The methanol economy is catching on (see earlier blogs here and here) and David Milsteins group at the Weizmann Institute of Science recently opened up a new avenue for research. The topic: the catalytic hydrogenation of methyl formate to methanol using hydrogen and a ruthenium catalyst re-engineered from Ru(bipy)3. More precise this reaction did not require solvent , took place at 80°C / 10 bar with 0.01% catalyst loading with complete conversion at 980 TON.
A catalytic cycle was constructed with many hints from the Milstein paper with two ingoing equivalents of hydrogen and two outgoing equivalents of methanol for each catalyst site. Note how the bipyridine group donates a proton by temporary dearomatization. The second methanol molecule popping out appears to carry hydrogen atoms from 4 different parents. Blame this blog not Milstein.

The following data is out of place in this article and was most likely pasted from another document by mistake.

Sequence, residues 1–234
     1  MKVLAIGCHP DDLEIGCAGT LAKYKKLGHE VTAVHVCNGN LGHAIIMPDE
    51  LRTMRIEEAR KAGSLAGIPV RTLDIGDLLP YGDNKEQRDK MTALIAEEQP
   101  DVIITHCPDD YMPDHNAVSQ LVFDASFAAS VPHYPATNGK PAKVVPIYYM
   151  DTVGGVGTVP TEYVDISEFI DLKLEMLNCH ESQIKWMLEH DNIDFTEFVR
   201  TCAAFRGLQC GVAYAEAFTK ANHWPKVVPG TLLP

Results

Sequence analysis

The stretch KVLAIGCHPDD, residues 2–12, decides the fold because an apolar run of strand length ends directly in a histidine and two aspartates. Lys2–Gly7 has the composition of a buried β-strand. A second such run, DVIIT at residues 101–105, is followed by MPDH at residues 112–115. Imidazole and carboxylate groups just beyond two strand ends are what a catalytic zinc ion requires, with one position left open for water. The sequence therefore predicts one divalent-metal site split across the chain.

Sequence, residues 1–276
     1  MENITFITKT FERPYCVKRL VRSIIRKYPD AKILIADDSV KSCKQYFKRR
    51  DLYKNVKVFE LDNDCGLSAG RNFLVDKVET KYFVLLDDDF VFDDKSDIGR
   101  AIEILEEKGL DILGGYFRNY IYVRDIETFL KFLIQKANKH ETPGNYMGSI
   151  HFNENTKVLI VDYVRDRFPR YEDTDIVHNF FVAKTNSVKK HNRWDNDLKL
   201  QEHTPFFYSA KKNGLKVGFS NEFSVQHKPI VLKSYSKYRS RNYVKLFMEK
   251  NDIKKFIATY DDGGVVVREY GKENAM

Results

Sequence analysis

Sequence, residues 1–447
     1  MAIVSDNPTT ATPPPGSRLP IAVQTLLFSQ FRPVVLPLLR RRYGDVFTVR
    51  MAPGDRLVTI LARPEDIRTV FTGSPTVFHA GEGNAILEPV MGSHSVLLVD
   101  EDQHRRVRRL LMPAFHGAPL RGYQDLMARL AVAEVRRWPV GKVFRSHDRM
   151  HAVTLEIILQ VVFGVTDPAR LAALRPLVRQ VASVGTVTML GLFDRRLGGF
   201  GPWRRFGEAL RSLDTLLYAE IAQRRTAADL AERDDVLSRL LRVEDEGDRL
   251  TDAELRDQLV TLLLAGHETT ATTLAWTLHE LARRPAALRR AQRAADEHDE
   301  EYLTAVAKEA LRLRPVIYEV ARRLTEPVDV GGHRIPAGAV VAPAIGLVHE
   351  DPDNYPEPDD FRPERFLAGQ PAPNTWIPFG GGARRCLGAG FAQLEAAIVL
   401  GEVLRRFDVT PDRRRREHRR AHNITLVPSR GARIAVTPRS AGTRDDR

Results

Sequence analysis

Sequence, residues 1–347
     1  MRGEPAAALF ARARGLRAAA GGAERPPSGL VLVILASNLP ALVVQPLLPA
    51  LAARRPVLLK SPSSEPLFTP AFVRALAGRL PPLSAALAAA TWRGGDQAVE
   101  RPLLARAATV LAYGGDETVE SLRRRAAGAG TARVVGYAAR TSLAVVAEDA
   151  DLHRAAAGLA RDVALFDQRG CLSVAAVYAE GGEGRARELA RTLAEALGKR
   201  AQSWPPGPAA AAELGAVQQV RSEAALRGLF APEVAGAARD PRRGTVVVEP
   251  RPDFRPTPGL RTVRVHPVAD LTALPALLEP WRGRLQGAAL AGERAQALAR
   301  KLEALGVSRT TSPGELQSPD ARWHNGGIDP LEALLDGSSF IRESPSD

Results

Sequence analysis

And by the way, what has methyl formate to do with carbon dioxide? The reaction of carbon dioxide and hydrogen and methanol to metyl formate is a known process. In fact the industrial production method for methyl formate is a H2/CO reaction. A tandem sequence involving carbon dioxide , hydrogen and methanol to form more methanol has suddenly become less exotic.